At Fury FC 40, Will Morris returned to the cage for the first time in over a year since he lost to Joe Schilling at Bellator 210. “Blue Chip” Morris responded in a big way, defeating tough veteran Le’Ville Simpson via rear naked choke in round one to become the Fury FC middleweight champion. I caught up with Morris and discussed with the bout with him and what his goals are for 2020:
Congrats on your win, what was it like for you to be able to step up on short notice and pull off the victory?
“There wasn’t a feeling of short notice for this fight. I trained my body the past year… my mind for the past year to do exactly what played out. I was more relieved than anything that I was finally in a cage with an opponent. That circumstance was one that seemed impossible for a while so the fact that I had an opponent sign a contract and share a cage with me was all I was thinking about and hoping for. Short notice or not I was relieved.”
Before this fight, you last fought in 2018, though there was a cancelled fight for September, did you feel like you never left or was there a readjustment phase when you the fight started?
“There was no sense of readjustment. The feelings that make a fight different than a sparring session are feelings and emotions you have to accept and understand before the fight even starts. I expect the energy that comes with the atmosphere of a fight. And I’ve learned how to render them meaningless in the actual fight itself. I’m to the point now where I cannot only hear my coaches voice, but he also doesn’t have to talk loud anymore. I’m that “dialed in” every time I’m put in a high pressure situation whether it’s on an NFL football field, a golf course, a boxing ring, a track, or a cage. I’ve lived under the lights my whole life. So when I finally got the opportunity to step foot back under those lights for the first time in a year, it wasn’t something to get used to. It was something that made me finally be able to breathe. Relax. And enjoy.”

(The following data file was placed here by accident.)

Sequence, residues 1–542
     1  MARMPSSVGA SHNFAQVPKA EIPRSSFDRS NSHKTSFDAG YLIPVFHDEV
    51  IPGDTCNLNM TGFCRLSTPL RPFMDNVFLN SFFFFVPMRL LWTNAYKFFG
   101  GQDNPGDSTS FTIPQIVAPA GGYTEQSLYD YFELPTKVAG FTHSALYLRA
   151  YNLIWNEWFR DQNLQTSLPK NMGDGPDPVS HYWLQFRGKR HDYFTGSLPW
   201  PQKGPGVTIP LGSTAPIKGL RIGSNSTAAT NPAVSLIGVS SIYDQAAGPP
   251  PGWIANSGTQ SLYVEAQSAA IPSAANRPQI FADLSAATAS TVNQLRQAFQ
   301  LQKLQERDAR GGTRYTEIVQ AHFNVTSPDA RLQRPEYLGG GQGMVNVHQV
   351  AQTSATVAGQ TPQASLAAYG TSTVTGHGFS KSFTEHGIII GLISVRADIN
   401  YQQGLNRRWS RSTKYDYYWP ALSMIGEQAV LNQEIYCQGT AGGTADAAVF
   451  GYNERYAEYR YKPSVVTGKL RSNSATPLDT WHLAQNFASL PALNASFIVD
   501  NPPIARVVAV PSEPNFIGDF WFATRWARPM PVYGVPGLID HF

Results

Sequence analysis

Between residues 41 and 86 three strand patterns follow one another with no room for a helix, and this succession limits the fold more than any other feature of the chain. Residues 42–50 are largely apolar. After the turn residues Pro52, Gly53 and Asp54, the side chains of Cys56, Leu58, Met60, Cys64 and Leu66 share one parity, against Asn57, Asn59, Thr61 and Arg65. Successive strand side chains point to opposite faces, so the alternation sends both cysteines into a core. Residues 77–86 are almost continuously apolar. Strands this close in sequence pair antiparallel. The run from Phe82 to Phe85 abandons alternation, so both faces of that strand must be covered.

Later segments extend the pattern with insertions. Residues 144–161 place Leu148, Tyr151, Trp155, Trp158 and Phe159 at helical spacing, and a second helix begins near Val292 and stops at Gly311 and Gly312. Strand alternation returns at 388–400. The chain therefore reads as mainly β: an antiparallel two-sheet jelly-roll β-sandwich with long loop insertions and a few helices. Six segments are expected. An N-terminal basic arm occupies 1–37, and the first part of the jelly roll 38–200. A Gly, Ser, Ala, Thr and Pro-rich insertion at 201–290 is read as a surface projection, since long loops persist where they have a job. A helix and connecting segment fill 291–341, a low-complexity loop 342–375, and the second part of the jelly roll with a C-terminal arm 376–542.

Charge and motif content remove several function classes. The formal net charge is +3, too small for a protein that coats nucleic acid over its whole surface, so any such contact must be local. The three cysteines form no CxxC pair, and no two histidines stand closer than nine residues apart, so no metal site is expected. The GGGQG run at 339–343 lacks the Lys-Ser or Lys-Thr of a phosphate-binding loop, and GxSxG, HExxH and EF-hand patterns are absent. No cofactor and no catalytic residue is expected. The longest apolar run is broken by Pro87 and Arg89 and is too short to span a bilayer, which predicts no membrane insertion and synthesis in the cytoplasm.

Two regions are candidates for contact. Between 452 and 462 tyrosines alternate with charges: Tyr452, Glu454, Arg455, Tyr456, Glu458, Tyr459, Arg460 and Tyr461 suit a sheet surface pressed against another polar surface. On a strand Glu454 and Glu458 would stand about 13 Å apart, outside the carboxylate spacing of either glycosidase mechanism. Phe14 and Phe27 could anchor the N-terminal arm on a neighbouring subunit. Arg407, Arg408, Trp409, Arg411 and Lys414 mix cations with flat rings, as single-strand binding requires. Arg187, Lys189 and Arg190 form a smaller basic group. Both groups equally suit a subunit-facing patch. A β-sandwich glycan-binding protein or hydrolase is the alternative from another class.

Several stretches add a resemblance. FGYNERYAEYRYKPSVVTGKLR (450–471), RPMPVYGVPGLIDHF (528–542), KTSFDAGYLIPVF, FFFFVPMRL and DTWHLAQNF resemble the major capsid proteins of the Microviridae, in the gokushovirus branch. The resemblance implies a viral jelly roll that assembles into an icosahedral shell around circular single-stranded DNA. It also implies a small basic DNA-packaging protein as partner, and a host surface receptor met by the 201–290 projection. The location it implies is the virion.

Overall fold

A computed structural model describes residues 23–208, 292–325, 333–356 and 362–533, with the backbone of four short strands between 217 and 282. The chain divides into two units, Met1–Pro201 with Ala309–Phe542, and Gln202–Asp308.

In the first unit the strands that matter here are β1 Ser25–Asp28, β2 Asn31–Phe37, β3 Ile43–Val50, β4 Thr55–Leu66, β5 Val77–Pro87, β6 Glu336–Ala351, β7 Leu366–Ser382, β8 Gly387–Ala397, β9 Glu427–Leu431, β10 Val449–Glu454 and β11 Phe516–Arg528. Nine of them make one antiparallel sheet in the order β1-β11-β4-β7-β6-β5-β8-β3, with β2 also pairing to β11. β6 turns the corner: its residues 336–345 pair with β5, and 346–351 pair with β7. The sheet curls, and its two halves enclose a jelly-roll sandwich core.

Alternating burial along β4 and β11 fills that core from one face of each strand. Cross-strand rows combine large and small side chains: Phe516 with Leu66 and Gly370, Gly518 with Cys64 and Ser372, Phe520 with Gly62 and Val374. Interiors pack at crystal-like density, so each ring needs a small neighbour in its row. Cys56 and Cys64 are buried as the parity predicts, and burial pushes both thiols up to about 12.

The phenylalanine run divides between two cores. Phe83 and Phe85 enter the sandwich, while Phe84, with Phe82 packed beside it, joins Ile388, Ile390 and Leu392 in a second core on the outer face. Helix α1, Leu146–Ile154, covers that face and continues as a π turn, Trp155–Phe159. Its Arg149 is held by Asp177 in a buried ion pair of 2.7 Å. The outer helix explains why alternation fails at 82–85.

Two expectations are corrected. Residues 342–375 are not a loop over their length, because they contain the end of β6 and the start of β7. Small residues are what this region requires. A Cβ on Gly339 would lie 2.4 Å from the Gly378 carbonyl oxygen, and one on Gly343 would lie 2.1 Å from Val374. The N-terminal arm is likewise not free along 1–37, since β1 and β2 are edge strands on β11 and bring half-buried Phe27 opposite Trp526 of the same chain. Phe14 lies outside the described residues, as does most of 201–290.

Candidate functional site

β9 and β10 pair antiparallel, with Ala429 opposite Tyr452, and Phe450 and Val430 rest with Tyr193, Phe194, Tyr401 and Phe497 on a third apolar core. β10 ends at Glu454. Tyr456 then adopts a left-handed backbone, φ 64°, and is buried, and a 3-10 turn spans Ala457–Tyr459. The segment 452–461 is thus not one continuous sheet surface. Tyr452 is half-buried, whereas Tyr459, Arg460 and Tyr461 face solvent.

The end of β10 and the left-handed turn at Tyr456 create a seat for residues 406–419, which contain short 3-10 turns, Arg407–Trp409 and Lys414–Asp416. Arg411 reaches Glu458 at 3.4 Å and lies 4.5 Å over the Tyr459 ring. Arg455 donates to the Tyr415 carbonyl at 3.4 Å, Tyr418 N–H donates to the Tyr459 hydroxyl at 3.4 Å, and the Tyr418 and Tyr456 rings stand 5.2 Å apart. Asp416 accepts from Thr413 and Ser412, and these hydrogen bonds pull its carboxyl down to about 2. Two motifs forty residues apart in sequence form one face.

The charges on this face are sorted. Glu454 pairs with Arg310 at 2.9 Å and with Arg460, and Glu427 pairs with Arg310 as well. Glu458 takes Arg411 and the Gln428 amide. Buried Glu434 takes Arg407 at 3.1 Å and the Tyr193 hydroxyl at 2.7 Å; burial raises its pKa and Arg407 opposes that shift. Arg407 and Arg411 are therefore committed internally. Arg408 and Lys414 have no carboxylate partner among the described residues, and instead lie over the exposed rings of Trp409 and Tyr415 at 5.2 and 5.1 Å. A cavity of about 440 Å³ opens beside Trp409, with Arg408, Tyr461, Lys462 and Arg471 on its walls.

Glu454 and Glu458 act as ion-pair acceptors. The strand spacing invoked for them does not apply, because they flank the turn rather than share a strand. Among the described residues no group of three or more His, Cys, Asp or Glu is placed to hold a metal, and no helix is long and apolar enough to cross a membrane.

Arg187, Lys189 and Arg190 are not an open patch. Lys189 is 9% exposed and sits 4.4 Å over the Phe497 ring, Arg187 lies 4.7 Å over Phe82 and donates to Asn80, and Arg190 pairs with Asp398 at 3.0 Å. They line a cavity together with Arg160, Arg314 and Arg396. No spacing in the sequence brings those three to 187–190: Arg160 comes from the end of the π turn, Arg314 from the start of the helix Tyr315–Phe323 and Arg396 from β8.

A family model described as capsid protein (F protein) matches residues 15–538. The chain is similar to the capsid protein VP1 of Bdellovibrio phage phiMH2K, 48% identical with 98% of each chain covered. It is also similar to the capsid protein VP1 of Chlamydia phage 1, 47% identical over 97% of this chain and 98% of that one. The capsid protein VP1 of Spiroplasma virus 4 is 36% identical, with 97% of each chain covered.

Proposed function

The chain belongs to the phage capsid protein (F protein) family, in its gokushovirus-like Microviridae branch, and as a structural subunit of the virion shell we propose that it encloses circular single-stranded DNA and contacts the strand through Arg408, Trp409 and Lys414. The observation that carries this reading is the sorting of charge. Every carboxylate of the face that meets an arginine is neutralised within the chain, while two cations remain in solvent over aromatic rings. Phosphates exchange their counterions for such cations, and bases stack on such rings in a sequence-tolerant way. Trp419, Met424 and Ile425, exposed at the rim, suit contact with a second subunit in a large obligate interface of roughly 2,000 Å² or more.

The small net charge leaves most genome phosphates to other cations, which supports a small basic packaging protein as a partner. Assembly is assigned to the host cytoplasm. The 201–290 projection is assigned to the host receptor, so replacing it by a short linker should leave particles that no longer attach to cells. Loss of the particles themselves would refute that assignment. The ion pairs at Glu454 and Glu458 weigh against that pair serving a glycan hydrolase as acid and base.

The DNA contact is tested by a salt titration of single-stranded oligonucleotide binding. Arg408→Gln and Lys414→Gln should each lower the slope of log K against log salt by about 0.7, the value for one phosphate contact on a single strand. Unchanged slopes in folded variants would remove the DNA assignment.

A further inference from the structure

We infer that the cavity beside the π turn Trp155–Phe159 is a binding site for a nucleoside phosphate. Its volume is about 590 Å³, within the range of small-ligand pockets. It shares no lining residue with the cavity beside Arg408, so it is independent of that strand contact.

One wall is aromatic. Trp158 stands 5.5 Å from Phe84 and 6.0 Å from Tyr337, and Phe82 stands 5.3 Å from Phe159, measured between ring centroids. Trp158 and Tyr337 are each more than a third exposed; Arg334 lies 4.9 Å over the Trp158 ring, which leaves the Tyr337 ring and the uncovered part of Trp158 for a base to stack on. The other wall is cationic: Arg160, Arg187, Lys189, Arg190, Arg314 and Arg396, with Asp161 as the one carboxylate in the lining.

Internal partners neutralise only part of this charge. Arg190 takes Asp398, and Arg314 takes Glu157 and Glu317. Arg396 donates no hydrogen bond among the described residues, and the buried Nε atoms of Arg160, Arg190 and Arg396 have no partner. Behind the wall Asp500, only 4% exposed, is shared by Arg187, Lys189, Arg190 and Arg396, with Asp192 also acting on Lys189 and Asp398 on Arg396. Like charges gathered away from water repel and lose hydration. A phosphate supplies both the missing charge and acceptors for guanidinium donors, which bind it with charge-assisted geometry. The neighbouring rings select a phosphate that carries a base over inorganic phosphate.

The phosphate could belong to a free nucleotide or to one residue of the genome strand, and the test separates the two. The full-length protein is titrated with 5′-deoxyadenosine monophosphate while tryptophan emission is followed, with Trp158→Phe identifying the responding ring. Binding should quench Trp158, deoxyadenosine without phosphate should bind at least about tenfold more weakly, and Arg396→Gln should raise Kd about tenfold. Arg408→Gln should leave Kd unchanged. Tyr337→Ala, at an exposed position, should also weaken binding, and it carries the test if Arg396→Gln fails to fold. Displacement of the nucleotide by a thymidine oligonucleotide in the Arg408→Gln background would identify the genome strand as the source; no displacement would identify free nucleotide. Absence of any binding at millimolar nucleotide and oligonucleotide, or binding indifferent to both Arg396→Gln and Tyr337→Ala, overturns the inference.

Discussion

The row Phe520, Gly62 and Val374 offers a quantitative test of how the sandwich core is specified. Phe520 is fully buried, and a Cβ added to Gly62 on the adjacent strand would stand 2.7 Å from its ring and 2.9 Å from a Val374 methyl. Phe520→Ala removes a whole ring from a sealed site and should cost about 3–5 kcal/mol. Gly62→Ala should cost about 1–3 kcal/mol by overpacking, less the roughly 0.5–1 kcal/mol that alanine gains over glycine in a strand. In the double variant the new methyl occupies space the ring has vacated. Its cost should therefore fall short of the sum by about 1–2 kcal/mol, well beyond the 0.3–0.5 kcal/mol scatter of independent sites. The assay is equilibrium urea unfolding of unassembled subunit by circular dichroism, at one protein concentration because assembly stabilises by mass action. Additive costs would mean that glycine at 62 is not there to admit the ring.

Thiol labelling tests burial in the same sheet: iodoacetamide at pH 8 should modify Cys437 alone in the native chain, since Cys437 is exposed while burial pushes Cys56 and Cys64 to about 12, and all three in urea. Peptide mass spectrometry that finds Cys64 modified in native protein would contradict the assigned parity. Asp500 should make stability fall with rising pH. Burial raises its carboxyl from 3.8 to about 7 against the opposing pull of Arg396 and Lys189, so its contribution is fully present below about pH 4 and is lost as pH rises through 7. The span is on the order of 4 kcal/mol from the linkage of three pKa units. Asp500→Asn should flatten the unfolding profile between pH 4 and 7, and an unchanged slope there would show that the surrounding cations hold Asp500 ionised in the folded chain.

How important was it for you to bounce back from the last fight which you lost with a big win and were there mental hurdles you had to overcome to do so?
“As far as the importance of bouncing back from a loss in any sport or aspect of life is a big deal. And the way people describe that importance is different. Some will bear the load and stress over what may happen. I’ve always been able to breathe and relax in those situations. I’ve put so much value in the learning aspect of movement in general. My movements nowadays are geared towards what I call the ultimate martial artist. I’ve spent my last 8 years entirely on becoming the ultimate martial artist. And I’m to the point where I have a PHD in this game and am able to almost teach myself as well as learn from others. From anyone. Since I’ve developed the education and have become an actual student of what I do, I don’t ever worry about what will happen. I know the sport too well to question what I will do. And with that level of education comes an extreme sense of true confidence. There was no hurdles inside the cage. I’ve been in the dark the past year training. And waiting.”
Did you feel the fight played out how you thought it would?
“It did. I never go into a fight trying to picture any certain situation. I make sure I don’t control the opponent in my head when I shadowbox. There’s never a situation that goes through my head twice. It’s always a new situation. That way I’ll never be thrown off guard in any fight no matter what the situation is. Because at some point in time I’ve pictured it happening before.”
When you head back to the gym, what’s the area you most want to improve upon?
“I’ve got some technical tweaks I want to make in my game. Some things that will make my overall arsenal bigger. Doing that involves failing at it in the gym until I figure out why.”
What are your expectations of yourself in 2020?
“World Champion. Anything less is meaningless.”